More doctors are choosing to work as specialists rather than GPs, pushing many to work in rural areas as Australia’s ever expanding medical workforce increases supply and competition for positions in metropolitan areas.
The ‘Evolution in the Medical Workforce’ report from Melbourne University also shows that the number of non-GP specialists is growing faster than the number of GPs, likely driven by increasing gaps in specialist and GP incomes.
The workforce figures sourced from the Department of Health by Professor Anthony Scott of the Melbourne Institute: Applied Economic & Social Research show that since 2005 the number of non-GP specialists has increased from around 22,000 to about 37,000 in 2019. In contrast GP numbers increased from around 23,000 in 2005 to just over 30,000 in 2019.
“Higher numbers of doctors in training and non-GP specialists are beginning to spill over into rural areas,” said Professor Scott in his report.
“More doctors are working outside of major metropolitan areas. Growth in the number of doctors outside major metropolitan areas outstrips the growth inside these areas for all doctors except for GPs. This is despite decades of policy targeted to persuade more GPs to go rural.”
As well as increased investment in regional training programs, the spillovers into rural and regional areas could also be caused by existing specialists spending more time in public hospitals reducing job opportunities for newly qualified non-GP specialists in major cities, he suggested.
Professor Scott said it was notable that Australia lacked any national medical workforce policy to guide the numbers of doctors working in different specialities.
“A higher proportion of junior doctors are continuing to choose non-GP specialty training, as the number of specialists grows faster than the number of GPs,” his report noted.
“Over the past 20 years there have been no explicit policies designed to alter specialty choices. More GP training places do not alter doctors’ preferences or the relative attractiveness of general practice. There is recent evidence that the number of GP training places are not being filled, with falls in the numbers of applicants for GP training.”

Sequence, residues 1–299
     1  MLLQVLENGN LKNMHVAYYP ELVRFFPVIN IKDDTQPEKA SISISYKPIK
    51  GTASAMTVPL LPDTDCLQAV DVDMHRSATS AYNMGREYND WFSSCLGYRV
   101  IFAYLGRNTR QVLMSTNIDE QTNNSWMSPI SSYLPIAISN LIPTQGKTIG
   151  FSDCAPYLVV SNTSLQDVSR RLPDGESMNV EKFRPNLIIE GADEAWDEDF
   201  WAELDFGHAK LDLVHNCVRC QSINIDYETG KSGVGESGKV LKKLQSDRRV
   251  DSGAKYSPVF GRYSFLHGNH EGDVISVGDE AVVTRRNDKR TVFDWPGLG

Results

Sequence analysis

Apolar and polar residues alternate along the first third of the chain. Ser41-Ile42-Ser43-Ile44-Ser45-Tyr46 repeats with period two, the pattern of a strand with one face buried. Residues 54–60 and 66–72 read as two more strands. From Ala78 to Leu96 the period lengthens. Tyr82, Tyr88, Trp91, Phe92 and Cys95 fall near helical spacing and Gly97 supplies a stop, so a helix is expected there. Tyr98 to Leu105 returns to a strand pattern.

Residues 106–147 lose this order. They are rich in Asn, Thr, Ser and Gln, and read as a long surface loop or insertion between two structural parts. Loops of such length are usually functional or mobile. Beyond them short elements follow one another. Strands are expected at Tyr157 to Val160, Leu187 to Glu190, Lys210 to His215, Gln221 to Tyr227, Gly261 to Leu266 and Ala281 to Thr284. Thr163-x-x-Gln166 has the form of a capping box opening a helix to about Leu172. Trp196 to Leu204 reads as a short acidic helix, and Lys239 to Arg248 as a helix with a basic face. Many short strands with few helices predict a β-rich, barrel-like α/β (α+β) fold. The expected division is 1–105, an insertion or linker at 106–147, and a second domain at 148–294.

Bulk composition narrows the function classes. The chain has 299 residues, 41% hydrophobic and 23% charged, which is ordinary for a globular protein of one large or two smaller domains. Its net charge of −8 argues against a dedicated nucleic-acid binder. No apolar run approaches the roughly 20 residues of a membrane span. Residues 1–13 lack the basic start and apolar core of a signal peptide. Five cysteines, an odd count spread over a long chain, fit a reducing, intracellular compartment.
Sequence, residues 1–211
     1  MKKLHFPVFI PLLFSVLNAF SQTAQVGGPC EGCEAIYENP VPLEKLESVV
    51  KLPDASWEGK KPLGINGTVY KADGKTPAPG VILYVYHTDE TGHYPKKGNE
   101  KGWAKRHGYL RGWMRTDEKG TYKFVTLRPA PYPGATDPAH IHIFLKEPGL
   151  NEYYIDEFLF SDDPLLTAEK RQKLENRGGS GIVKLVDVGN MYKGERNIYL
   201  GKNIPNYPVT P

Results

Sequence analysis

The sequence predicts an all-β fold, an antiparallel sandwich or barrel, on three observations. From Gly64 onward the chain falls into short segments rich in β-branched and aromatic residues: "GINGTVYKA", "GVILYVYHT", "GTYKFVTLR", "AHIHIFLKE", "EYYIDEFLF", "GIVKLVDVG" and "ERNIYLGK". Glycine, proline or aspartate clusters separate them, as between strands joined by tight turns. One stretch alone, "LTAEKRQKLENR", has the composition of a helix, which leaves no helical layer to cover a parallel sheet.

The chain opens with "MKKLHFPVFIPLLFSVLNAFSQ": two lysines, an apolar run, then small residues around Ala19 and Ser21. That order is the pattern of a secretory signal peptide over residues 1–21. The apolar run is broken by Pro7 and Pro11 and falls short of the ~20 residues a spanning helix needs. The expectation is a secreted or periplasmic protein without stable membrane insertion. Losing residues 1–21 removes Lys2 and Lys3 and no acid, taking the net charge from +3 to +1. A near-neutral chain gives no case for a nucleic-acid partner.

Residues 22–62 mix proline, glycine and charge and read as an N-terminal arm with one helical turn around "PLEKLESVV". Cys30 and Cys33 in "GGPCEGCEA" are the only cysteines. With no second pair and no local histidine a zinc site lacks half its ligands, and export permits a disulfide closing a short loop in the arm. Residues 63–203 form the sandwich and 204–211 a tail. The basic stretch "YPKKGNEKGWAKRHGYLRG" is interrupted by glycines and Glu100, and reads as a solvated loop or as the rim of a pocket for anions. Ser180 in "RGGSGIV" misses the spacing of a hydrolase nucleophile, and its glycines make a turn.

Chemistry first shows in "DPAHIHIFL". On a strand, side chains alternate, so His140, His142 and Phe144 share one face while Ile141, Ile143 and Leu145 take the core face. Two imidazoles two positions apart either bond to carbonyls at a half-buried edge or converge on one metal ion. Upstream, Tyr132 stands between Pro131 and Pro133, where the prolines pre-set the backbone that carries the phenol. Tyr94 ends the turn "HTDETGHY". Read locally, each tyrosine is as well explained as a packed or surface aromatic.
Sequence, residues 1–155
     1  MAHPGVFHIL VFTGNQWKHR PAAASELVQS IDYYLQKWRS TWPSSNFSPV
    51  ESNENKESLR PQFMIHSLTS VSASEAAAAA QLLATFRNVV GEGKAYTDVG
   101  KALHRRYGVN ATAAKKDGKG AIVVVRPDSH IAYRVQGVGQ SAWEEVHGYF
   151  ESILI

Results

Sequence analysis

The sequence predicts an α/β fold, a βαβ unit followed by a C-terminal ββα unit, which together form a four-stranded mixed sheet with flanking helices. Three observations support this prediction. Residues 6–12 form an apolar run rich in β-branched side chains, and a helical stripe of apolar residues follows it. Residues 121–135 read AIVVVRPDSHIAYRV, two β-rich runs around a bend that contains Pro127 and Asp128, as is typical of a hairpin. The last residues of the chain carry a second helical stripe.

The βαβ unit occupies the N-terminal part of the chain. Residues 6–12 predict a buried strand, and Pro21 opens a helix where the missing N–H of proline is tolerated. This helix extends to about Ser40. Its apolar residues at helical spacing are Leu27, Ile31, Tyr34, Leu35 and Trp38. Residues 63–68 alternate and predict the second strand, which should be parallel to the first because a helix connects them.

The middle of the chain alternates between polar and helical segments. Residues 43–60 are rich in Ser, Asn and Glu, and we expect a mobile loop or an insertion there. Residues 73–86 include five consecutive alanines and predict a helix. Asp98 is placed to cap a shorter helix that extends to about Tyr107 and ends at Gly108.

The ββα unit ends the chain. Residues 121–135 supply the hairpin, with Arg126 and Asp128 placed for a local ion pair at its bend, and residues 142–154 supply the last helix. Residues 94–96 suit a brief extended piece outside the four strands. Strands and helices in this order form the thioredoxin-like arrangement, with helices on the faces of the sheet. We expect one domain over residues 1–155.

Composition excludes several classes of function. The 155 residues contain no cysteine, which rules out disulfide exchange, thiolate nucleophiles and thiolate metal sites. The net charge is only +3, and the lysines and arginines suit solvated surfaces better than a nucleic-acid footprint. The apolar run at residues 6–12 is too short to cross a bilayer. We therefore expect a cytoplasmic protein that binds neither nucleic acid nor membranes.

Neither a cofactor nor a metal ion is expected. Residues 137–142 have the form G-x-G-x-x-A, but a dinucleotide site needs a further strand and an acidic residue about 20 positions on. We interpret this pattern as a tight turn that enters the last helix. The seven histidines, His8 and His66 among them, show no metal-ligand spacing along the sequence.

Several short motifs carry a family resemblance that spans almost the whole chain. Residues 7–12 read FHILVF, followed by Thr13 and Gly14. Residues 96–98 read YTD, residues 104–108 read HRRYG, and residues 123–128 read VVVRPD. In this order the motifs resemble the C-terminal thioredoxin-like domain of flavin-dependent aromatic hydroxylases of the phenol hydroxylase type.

Professor Scott said the widening gap in specialist and GP incomes might explain career choices among medical graduates, with specialists already earning almost twice as much as GPs and earnings increasing in real terms at rates of 2.2% vs 1.1% a year respectively.
In addition to higher earnings – particularly for paying off medical graduate debts – other drawcards for specialist work over GP practice included opportunities for procedural and academic work, he said.
Paradoxically, the report also showed that specialists incomes were rising despite an increase in bulk billing and fee revenue per doctor falling. With increasing competition from higher doctor numbers, the report authors suggested that specialists were reducing practice costs, increasing fees for private patients and increasing their share of earnings from their work in the public sector over time.
“Whilst discretion on setting fees has provided some flexibility, there is only so much that can be done if there are fewer patients to go around,” they observed.
Professor Scott noted that the government has recently developed a National Medical Workforce Strategy to try and tackle some of the issues of doctor supply and distribution imbalances.
“ If the last 20 years is anything to go by, addressing these priorities will take time. Australia’s fractured health care system has significantly delayed effective national policy action to help ensure the best use of the medical workforce,” he wrote.
“Issues of specialty choice, rural and regional maldistribution, and self-sufficiency remain very important, with market forces continuing to dominate doctors’ decisions about their specialty and location of practice. Doctor’s decisions are underpinned by a largely unaltered fee-for-service payment model that rewards procedural work and sub-specialisation more than generalism and holistic care.”